Cryptocurrencies such as Bitcoin are a highly volatile asset class, with potentially very high returns matched by equally large losses. Although there is a lot of academic research on financial characteristics of cryptos, research on investors is rather rare.
The study, "Individual cryptocurrency investors: Evidence from a population survey," recently published in the academic journal International Journal of Innovation and Technology Management, examines the financial success of cryptocurrency investments achieved by individual investors. In addition, the study analyzes whether this depends on similar factors as is the case with investments in other asset classes, such as shares.
Crypto investors in Germany mainly male
The analysis is based on a Germany-wide representative online survey dataset of 3,864 citizens aged 18 and above. Of these, 354 people, or 9.2% of respondents, confirmed owning cryptocurrencies. 225 people of the latter group, representing 5.8% of the total number of respondents, could be classified as investors according to the underlying characteristics. They fulfilled the requirement of having acquired the respective cryptocurrency directly and not having received it via mining or, for example, as a gift.
The analysis of the data revealed that crypto investors are more often than average male (77.3% compared to the average of 50.8%) and more than nine years younger than people who have not invested in cryptocurrencies. In addition, crypto investors above average often have a high level of education in the form of a university degree or a doctorate.
Positive returns achieved through crypto?
56% of crypto investors surveyed reported a positive return on their investment. In contrast, 29% of respondents said they had recorded negative results. The rest of the respondents reported breaking even. On average, the return on investment for all 225 individuals was exactly 300%.
As part of the study, the fundamental research question was examined to what extent, if any, these returns can be attributed to the fact that individuals may have been particularly "smart" investors or whether the reason for the positive returns may be "just" that the overall cryptocurrency market has grown so strongly as a whole. It would be a smart investment strategy if the investor's returns were higher than the fundamental price increase of the market within a certain period of time. If the price of Bitcoin were to rise by 60% within a year, for example, but a crypto investor "only" achieved a return of 50% in the same period, this aspect suggests that this was less a smart investment strategy than luck or timing.
Crypto market growth surpasses investor investment
The study identified that less than half of crypto investors (44%) were able to achieve higher returns than Bitcoin. Here, Bitcoin represented the study's underlying metric for market returns. As a result, these findings suggested that, on average, private crypto investors are not able to outperform the overall market. In this aspect, cryptocurrencies resemble traditional investment markets.
When considering cryptocurrency investments individually, it should be kept in mind that the hypothetical buy-and-hold returns of an early investment in Bitcoin are so high that it is very difficult for private investors to beat this "market" index. This is particularly indicated by the available results of private investors who entered the crypto market very early between the years 2009-2012. They achieved returns ranging from 51% to 195%, a return that is comparatively well below that of a notional buy-and-hold strategy. By nature, it can be assumed that the private investors sold their cryptocurrencies (in parts) over the years and possibly reacquired them at later points in time. A procedure that consequently has a corresponding impact on the total return of the respective investor.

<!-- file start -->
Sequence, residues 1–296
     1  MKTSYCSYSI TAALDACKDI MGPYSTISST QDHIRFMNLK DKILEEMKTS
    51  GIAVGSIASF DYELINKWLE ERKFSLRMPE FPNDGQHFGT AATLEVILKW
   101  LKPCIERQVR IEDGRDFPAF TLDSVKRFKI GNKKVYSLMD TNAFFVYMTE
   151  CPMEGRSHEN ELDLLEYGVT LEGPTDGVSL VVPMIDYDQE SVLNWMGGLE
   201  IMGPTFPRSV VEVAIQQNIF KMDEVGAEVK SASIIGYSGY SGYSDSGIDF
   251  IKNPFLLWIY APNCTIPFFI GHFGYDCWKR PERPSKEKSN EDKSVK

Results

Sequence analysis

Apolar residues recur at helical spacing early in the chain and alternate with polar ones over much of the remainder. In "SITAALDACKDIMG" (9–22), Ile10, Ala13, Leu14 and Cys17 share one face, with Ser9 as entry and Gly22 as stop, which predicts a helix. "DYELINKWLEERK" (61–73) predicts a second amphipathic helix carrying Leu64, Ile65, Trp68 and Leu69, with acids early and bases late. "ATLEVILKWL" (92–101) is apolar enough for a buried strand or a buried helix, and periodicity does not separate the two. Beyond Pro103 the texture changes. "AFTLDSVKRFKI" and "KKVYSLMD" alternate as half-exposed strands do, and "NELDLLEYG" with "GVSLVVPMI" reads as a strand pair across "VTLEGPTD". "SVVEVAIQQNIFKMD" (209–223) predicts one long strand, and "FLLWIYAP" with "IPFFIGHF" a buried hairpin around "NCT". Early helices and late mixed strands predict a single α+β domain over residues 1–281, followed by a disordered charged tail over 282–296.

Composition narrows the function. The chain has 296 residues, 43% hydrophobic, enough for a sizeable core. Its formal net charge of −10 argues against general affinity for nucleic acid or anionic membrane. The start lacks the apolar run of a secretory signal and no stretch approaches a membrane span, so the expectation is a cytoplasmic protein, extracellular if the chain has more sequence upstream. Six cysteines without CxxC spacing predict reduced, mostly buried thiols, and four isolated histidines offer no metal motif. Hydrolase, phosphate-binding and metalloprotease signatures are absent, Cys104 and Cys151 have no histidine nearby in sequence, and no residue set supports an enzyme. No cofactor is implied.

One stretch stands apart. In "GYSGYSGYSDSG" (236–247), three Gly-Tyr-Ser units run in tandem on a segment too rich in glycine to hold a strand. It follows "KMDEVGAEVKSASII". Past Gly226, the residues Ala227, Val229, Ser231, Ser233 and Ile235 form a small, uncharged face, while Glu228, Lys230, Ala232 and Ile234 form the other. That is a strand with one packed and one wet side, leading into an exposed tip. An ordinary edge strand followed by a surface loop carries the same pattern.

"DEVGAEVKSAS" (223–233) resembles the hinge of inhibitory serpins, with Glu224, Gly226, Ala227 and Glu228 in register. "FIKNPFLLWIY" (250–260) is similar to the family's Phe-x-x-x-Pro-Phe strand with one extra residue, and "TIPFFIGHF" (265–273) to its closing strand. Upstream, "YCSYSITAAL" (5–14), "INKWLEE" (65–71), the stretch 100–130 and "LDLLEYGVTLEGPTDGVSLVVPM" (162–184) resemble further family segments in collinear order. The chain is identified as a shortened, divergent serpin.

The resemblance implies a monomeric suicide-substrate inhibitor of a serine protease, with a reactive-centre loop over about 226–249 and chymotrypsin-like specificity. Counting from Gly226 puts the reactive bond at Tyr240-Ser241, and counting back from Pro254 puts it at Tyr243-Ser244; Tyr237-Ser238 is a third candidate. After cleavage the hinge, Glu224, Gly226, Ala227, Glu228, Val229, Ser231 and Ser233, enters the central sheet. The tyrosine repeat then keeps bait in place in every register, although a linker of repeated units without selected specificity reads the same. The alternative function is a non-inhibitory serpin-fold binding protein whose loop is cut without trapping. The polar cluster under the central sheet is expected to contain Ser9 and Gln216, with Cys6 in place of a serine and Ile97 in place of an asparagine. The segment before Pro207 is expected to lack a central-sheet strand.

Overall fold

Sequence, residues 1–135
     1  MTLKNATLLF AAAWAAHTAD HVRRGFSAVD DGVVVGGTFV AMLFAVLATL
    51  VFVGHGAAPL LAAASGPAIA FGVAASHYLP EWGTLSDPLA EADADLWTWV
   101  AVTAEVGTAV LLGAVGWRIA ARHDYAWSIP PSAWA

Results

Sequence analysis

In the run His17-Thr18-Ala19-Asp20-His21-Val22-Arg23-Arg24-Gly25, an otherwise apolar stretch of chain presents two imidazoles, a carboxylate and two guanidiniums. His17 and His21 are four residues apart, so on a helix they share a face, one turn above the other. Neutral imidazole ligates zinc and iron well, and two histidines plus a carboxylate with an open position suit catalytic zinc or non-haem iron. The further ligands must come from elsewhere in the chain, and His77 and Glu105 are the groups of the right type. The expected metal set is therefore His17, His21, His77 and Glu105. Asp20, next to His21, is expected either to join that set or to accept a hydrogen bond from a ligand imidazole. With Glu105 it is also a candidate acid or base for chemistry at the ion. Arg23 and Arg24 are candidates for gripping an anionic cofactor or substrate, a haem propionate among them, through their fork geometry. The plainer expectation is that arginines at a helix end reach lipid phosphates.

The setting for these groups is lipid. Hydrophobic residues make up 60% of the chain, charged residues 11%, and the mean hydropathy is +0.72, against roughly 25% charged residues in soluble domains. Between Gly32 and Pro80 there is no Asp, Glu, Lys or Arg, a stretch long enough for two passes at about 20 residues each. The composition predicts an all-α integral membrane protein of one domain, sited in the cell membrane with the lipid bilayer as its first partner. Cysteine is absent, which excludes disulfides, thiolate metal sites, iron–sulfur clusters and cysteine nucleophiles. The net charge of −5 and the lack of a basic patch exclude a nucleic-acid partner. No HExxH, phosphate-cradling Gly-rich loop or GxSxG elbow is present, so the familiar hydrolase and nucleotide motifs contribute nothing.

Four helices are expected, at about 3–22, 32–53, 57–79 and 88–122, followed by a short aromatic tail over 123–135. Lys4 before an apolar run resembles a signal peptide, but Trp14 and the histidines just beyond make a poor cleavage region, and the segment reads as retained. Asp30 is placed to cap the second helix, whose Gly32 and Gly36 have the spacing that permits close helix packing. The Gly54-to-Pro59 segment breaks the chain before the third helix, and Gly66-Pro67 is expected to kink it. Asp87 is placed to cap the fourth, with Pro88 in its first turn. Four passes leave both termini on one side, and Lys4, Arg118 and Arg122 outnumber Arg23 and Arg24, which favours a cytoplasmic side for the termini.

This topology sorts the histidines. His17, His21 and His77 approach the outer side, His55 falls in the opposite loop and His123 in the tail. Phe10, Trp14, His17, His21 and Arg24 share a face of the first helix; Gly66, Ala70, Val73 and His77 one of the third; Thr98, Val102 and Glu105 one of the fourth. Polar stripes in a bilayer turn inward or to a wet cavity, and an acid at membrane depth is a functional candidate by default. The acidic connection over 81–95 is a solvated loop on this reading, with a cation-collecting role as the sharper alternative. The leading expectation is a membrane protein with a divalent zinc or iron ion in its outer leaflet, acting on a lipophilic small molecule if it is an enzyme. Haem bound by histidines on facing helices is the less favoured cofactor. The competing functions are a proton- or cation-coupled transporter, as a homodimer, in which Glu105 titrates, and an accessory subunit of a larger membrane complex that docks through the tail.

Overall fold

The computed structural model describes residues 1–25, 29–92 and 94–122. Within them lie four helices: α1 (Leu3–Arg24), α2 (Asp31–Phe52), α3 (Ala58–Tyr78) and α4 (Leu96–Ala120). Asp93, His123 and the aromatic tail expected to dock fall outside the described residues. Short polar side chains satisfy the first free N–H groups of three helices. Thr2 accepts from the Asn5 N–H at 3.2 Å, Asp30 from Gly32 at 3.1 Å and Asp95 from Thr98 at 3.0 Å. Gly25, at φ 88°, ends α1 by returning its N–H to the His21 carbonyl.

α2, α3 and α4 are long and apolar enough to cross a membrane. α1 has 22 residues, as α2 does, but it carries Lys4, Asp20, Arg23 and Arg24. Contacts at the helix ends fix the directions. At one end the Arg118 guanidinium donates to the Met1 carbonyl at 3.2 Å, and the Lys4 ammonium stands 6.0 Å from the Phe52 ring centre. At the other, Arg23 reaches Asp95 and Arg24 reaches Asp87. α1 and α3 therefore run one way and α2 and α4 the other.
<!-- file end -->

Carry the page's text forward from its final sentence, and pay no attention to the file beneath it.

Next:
Beyond the analyses described above, explanatory factors for investment results were examined. These were, for example, socio-economic characteristics, the own self-assessment of knowledge or confidence in cryptocurrencies, as well as the portfolio size. Within this, it was identified that higher income has a significant positive effect on returns of crypto investors. This result is consistent with the literature on individual investment in stocks, where lower income is associated with lower returns.
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Conclusions from the study
This study adds to the existing literature on cryptocurrencies by specifically analyzing individual investors. In order to compare with other asset classes, the study built on literature from individual investors in equities and other asset classes. During the evaluation, it was found that cryptocurrencies are subject to similar fundamental relationships and phenomena as traditional investment products. Specifically, the comparatively high retail investor returns of 300% in cryptocurrencies are likely due to fundamental market growth rather than individual investment behavior.
It is likely that the cryptocurrency market will continue to mature and converge with traditional financial markets as its social relevance increases. Improved and tailored regulation as well as the reduction of information asymmetries represent only two of the potential starting points.
First tendencies of convergence between traditional stock markets and cryptocurrency markets can already be observed today. Following these explanations, it is quite conceivable in the future that the cryptocurrency market will become an increasingly important and essential part of the financial markets. What is for sure is that how regulators deal with the regulation of the cryptocurrency market will not only have an impact on the behavior of private investors, but will most likely also have an impact on shaping the future of finance.